Discussion in 'malware problems & news' started by SweX, Feb 19, 2015.
Seems that this is going to be a trend across all electronics in the near future. I read that Samsung is embedding Pepsi ads in their smart-TVs even when a consumer is watching a home movie. A lot of free software comes with ads and we can no doubt expect paid software to follow suit. Computer hardware is just another mule. It will not stop there - IOT will be the mother of all mules.
From https://news.ycombinator.com/item?id=9072424 I get that this involves MitM, and that all affected consumer laptops have the same certificate. Quoting TeMPOraL:
This may become very funny (in a sick way, yes) soon
Edit: Maybe sooner: https://twitter.com/supersat
Edit2: Test sites: https://www.canibesuperphished.com/ and https://filippo.io/Badfish/
No better reason I can think of to do a bare metal wipe with a fresh, clean install of the OS after buying that new computer...
You can also run HitmanPro to look for the Superfish malware and SSL root certificate:
Well yes. But the problem is that it's even necessary to do that in the first place. People should not have to shell out an extra $100 or whatever, just for the privilege of having an OS that isn't malware infested the first time it boots. This is anti-consumer garbage.
IMO Microsoft needs to step up on this - they should modify their OEM licensing, to prohibit OEMs from preinstalling software they haven't okayed. Companies selling computers with their operating system should be required to play by their rules.
Errata Security: Extracting the SuperFish certificate
I agree. In no case should people need to do a clean install of the OS in a new computer. This seems absurd to me.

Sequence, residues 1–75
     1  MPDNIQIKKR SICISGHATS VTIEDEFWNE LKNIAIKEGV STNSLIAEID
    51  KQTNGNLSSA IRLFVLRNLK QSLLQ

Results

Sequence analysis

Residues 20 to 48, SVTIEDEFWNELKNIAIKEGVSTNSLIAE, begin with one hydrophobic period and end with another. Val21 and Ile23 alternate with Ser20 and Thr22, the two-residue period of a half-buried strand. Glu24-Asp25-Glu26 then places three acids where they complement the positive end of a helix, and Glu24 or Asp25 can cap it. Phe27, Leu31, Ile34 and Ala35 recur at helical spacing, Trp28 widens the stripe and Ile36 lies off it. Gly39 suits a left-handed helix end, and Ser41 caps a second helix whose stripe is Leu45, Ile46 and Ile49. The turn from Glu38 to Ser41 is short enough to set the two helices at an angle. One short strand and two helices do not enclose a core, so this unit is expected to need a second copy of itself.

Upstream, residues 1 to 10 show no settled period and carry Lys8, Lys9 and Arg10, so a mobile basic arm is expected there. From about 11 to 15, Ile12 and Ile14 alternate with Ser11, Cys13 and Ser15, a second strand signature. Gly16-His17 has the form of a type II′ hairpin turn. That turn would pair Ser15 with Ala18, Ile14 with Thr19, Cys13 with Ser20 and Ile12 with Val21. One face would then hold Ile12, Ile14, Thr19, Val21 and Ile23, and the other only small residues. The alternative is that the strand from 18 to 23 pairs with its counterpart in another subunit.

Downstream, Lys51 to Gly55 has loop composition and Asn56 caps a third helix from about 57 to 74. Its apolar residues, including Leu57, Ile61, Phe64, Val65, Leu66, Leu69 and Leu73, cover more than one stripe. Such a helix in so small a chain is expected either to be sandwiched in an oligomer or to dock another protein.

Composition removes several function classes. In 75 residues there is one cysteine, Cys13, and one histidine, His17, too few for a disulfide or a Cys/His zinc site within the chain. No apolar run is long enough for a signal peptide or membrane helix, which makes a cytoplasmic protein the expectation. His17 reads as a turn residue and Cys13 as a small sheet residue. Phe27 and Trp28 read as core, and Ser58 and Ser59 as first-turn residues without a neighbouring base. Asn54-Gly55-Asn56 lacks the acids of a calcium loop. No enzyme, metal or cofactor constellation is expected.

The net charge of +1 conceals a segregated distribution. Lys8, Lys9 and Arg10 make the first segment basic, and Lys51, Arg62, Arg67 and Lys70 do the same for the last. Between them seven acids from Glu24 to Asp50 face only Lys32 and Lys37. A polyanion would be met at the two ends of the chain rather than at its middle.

Lenovo PCs ship with man-in-the-middle adware that breaks HTTPS connections
Fail, the password protecting the private key is the name of the company behind the SSL hijacker:
Superfish CA test
I knew that I couldn't trust Lenovo, shame on them!
Would HMPA also be able to stop this MITM attack? I haven't read everything yet, but these tools will often modify browser memory. I believe Zemana is already watching for certificate tampering, but then again, it also has a trust-list.
I past the test on a Acer desktop.
Blog post on solutions:
How to paint yourself into a corner (Lenovo edition)
How to remove the dangerous Superfish adware preinstalled on Lenovo PCs
Proceed with all precautions - contact your Lenovo reseller if unsure.
If internet was taken seriously someone would have to go to jail in this case.
Those test websites use the certificate and private key extracted from Superfish. They are proof-of-concept for site spoofing
Well Lenovo just got kicked to the curb as possible new laptop for myself.
That's a shame as the quality of them is first rate.
"Good, Superfish is probably not intercepting your connections."
Probably? They aren't even sure...
And that is why I would never use preinstalled OS, aside of it's usually full of crap spamming your desktop. But this would get harder to deal with when they started to put one of these into the hardware.
I do not believe that the pre-installation of this adware should in any way reflect badly on lenovo because the quality of their laptops is top-notch.A bare-metal wipe of the hard drive and a fresh installation of any os of choice would be a wise choice of action.
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